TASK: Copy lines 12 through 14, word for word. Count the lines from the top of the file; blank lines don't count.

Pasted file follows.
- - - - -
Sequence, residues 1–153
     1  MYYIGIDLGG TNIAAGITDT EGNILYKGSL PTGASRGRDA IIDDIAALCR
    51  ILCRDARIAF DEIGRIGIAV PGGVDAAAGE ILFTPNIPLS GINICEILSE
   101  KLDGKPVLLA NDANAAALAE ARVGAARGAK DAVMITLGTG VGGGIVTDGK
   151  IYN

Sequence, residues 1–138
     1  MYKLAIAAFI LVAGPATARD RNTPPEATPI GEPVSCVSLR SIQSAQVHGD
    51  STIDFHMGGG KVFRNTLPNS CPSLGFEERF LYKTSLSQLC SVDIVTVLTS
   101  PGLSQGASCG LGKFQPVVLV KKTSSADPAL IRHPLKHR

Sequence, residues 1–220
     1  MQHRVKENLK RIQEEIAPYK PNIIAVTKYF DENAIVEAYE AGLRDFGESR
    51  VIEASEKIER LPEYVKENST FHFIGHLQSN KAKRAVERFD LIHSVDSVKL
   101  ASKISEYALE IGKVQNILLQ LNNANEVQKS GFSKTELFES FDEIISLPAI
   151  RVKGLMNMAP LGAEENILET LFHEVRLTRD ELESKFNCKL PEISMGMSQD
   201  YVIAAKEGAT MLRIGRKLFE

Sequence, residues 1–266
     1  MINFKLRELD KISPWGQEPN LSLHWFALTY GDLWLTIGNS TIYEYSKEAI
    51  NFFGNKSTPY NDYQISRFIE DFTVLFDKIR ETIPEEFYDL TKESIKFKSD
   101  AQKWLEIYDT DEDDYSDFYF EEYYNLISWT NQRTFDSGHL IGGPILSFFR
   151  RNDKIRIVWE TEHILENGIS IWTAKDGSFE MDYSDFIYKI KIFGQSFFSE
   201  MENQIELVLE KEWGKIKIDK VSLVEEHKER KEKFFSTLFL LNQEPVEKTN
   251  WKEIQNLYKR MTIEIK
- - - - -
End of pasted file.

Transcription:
    51  VIEASEKIER LPEYVKENST FHFIGHLQSN KAKRAVERFD LIHSVDSVKL
   101  ASKISEYALE IGKVQNILLQ LNNANEVQKS GFSKTELFES FDEIISLPAI
   151  RVKGLMNMAP LGAEENILET LFHEVRLTRD ELESKFNCKL PEISMGMSQD